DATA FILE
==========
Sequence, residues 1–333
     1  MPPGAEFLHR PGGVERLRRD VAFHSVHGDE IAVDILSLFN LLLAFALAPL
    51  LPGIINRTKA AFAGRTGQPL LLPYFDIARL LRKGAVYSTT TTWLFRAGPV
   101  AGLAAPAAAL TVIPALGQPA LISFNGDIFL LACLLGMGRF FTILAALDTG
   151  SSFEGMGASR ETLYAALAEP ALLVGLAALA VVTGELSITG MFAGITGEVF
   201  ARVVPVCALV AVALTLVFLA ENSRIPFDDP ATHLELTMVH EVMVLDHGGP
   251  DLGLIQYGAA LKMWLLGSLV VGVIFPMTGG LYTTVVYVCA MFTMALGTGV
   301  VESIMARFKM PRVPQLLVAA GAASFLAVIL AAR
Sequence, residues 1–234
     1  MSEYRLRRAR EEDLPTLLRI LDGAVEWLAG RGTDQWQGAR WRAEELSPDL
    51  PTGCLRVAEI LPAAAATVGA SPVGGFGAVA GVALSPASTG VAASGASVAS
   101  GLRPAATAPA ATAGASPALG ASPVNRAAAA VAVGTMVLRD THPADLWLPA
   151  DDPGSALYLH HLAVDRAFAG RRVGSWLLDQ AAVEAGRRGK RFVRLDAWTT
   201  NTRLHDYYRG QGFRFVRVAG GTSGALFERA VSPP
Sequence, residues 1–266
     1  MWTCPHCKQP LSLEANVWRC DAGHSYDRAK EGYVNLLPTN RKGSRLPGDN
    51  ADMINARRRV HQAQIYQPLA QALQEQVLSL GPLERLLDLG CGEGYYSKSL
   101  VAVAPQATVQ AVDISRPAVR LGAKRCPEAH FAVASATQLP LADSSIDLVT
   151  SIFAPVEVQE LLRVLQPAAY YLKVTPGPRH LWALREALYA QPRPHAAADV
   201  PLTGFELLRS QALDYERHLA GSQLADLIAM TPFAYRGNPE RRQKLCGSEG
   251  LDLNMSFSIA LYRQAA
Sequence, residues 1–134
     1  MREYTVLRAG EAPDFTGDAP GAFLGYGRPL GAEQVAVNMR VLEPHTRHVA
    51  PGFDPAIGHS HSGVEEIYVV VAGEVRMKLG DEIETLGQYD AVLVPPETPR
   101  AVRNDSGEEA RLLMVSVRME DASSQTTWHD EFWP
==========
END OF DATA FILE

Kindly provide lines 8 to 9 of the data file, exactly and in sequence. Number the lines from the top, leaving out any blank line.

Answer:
   301  VESIMARFKM PRVPQLLVAA GAASFLAVIL AAR
Sequence, residues 1–234